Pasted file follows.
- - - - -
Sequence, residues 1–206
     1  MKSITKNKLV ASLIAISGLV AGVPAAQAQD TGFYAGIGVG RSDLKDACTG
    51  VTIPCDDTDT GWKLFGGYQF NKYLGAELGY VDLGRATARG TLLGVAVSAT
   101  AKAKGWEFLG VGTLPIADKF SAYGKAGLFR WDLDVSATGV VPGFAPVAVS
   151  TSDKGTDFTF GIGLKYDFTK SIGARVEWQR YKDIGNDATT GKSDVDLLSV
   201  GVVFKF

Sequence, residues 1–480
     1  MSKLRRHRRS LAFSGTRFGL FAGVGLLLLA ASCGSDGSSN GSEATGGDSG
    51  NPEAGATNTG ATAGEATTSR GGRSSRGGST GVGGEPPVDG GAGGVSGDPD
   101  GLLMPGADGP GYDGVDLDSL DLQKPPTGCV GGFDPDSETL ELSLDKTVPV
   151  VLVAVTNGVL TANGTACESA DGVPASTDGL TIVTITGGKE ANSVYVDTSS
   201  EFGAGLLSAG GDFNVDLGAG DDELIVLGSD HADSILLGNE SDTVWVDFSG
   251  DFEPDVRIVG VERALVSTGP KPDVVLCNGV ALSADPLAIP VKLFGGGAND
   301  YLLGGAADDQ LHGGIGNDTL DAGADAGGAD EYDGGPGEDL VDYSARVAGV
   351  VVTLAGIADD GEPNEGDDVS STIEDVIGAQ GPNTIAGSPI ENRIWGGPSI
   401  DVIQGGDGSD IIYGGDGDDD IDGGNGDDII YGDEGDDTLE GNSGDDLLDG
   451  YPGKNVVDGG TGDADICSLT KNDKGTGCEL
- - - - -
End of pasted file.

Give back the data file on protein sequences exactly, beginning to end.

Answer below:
Sequence, residues 1–206
     1  MKSITKNKLV ASLIAISGLV AGVPAAQAQD TGFYAGIGVG RSDLKDACTG
    51  VTIPCDDTDT GWKLFGGYQF NKYLGAELGY VDLGRATARG TLLGVAVSAT
   101  AKAKGWEFLG VGTLPIADKF SAYGKAGLFR WDLDVSATGV VPGFAPVAVS
   151  TSDKGTDFTF GIGLKYDFTK SIGARVEWQR YKDIGNDATT GKSDVDLLSV
   201  GVVFKF

Sequence, residues 1–480
     1  MSKLRRHRRS LAFSGTRFGL FAGVGLLLLA ASCGSDGSSN GSEATGGDSG
    51  NPEAGATNTG ATAGEATTSR GGRSSRGGST GVGGEPPVDG GAGGVSGDPD
   101  GLLMPGADGP GYDGVDLDSL DLQKPPTGCV GGFDPDSETL ELSLDKTVPV
   151  VLVAVTNGVL TANGTACESA DGVPASTDGL TIVTITGGKE ANSVYVDTSS
   201  EFGAGLLSAG GDFNVDLGAG DDELIVLGSD HADSILLGNE SDTVWVDFSG
   251  DFEPDVRIVG VERALVSTGP KPDVVLCNGV ALSADPLAIP VKLFGGGAND
   301  YLLGGAADDQ LHGGIGNDTL DAGADAGGAD EYDGGPGEDL VDYSARVAGV
   351  VVTLAGIADD GEPNEGDDVS STIEDVIGAQ GPNTIAGSPI ENRIWGGPSI
   401  DVIQGGDGSD IIYGGDGDDD IDGGNGDDII YGDEGDDTLE GNSGDDLLDG
   451  YPGKNVVDGG TGDADICSLT KNDKGTGCEL